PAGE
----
This study and emphasis, however, is not just a topic for intellectual historians who are trying to fill in gaps or connect the pieces of the puzzle.  It is not what the Presbyterians said in the 1800s that concerns me most.  Rather, it is what they are calling us to hear in the 21st Century.

We need the old Presbyterians now more than ever.  Sad to say, after being ignored or glanced over for a long time, they are currently being excommunicated from Presbyterian thought and studies.  Especially disliked are those who not only had the “misfortune” of being born in the South, but who defended the South and the Southern Confederacy on a number of very nuanced and profound ways.

The reading list I would like to give on this topic is long and involved.  There are nearly 30 books that I call attention to in one of my past book reviews that dealt with Columbia Theological Seminary.  That review can be found HERE.

For now, I would like to recommend two books written by two of the great Presbyterian theologians from the 19th century.  I will struggle to avoid both being overly biographical or full of praise for these men.  Just know that these are two of the pillars of American Christian Reformed and Presbyterian orthodox thought in the 1800s.

First, Charles Hodge and Exegetical Lectures and Sermons on Hebrews.  This book is published by Banner of Truth.

The pastor, student, or teacher who needs an all purpose commentary on Hebrews needs to look elsewhere.  The Hodge reader who is familiar with his incredible commentary on Romans should know that this work is not in the same category.  It does contain comments on the text, and it is classic Hodge theology from beginning to end.

The first part of this book is exegetical notes on Hebrews.  Hodge is not giving exhortation or application, but is working through some of the Greek grammar details and other points of exegesis, or drawing out the meaning of the text.  For me, it was yet another reminder of how exacting, careful, and learned the Presbyterian ministers were in Hodge’s day.  For me, it was yet another reminder of how far my own education is from the standards of that time.

Non-Greek New Testament students like me will find this section interesting, but not fulfilling.  Greek students would likely be crying out “More! More!”  As a student and teacher of history, it is more confirmation of the education found at Princeton and the scholarship standards of the time.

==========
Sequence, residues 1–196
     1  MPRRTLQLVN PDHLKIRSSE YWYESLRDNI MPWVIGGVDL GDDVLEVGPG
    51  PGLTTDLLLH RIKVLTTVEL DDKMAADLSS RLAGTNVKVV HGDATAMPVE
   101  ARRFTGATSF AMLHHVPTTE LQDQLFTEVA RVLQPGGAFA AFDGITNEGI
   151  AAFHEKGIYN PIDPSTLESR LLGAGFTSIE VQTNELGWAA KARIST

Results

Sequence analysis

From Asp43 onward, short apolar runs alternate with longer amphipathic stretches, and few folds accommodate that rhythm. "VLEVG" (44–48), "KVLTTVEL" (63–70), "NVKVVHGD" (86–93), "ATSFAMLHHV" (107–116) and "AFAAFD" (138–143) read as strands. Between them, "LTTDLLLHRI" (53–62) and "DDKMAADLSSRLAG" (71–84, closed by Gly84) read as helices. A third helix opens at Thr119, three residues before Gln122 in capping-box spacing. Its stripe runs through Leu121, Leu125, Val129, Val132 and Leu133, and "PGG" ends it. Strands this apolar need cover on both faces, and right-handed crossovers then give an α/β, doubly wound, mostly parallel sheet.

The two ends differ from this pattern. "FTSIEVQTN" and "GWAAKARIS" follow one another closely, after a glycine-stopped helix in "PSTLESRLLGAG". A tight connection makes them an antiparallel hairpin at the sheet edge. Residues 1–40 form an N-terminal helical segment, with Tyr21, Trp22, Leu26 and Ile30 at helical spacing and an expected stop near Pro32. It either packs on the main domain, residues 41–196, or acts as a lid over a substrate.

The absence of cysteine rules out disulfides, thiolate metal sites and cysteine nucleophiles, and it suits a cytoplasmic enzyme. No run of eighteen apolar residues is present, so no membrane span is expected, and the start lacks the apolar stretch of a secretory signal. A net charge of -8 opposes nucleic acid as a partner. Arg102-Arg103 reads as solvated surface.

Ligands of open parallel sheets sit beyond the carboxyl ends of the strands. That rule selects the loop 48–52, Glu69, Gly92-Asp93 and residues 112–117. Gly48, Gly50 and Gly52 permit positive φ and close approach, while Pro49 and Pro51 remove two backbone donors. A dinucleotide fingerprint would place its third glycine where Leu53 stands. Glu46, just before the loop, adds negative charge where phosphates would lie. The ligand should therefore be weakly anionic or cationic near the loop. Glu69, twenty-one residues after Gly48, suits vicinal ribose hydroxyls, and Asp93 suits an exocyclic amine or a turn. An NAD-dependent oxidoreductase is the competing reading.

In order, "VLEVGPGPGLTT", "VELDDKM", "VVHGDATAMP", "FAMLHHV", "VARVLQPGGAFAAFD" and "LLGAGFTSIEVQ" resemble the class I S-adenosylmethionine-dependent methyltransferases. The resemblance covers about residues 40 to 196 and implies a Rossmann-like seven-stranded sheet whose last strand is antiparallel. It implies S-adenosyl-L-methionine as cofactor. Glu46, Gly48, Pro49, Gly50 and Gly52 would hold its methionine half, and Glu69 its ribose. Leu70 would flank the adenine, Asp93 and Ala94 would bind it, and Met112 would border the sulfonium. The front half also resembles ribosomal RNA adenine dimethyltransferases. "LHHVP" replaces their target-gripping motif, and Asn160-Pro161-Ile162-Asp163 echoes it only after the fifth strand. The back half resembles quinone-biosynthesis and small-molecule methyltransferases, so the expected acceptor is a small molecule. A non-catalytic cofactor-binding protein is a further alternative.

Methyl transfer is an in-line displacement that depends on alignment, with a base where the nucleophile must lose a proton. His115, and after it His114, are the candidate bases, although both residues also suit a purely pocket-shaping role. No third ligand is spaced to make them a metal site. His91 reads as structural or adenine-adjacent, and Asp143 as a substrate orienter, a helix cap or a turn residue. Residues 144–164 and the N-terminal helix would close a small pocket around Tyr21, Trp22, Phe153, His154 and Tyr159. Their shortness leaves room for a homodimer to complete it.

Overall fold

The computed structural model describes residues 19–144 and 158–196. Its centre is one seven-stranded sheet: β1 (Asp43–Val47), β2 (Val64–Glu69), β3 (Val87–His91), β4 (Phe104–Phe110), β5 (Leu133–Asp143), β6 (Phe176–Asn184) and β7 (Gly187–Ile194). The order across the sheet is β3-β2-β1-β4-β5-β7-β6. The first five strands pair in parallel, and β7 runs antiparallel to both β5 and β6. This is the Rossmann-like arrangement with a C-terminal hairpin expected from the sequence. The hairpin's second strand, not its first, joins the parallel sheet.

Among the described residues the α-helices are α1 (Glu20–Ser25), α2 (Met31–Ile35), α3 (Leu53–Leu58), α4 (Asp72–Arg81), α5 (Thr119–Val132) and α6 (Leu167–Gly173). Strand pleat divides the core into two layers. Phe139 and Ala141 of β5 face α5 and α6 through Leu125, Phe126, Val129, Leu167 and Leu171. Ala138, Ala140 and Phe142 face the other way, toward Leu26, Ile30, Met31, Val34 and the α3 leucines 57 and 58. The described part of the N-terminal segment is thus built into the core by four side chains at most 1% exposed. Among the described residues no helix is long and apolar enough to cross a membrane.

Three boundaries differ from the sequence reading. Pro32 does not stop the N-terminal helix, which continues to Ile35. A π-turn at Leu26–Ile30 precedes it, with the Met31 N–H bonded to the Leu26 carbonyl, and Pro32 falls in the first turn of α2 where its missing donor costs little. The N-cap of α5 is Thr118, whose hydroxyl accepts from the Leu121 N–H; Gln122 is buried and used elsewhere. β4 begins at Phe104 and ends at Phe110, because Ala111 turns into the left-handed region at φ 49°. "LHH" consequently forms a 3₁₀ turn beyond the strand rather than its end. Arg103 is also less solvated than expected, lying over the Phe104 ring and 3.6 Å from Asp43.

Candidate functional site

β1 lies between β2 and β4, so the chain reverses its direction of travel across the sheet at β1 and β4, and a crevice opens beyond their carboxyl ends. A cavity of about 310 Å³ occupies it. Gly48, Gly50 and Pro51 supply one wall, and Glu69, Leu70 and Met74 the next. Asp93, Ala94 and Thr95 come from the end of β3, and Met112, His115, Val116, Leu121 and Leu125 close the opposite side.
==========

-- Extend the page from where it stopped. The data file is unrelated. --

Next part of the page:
The following section gives a number of sermon outlines.  A few if the outlines, but not all, come from another Banner publication called Princeton Sermons.  I believe that preachers and students can learn quite a bit from studying these outlines.  A similar work can be found in the B & H series called The Lost Sermons of C. H. Spurgeon: His Earliest Outlines and Sermons Between 1851 and 1854.  

Reading a sermon outline is a bit of a challenge.  It can be read quickly if one is simply trying to cover pages.  But I think the greater task would be to spend some time thinking on each of the outline points.  I think it would be a great lesson for aspiring preachers to take these outlines and fill in the gaps.  (But give credit to the original writer.)  Side note:  Hodge’s outlines are not bullet points.

The absolute best part of the new Hodge book is the all too few complete sermons from various Hebrew texts.  I remember thinking while reading one of these: “There is no way I could pack this much content into a single sermon.  There is no way I could grasp this much content in a single sermon.”  I am not speaking about merely being full of facts and theological information.  I am referring to the fact that these sermons were rich with content.  As Wesley said in another context, “I felt my heart warmly moved.”

One quote that I posted recently is worth repeating:  “It was the Spirit who made the sound ring in your ears long after the speaker’s voice had ceased, and which brought back the sound in the stillness of the night and repeated in a small, still voice the admonitions of the pulpit.”

The sermons themselves are worth the price of the book.  But the other parts are also helpful in giving both spiritual guidance and a standard to aspire to.  By the way, Banner of Truth has continued to put out or reprint books by Charles Hodge. His commentaries on Romans, Ephesians, and 1 and 2 Corinthians and his book The Way of Life are both available, as is a biography of Hodge by his son A. A. Hodge.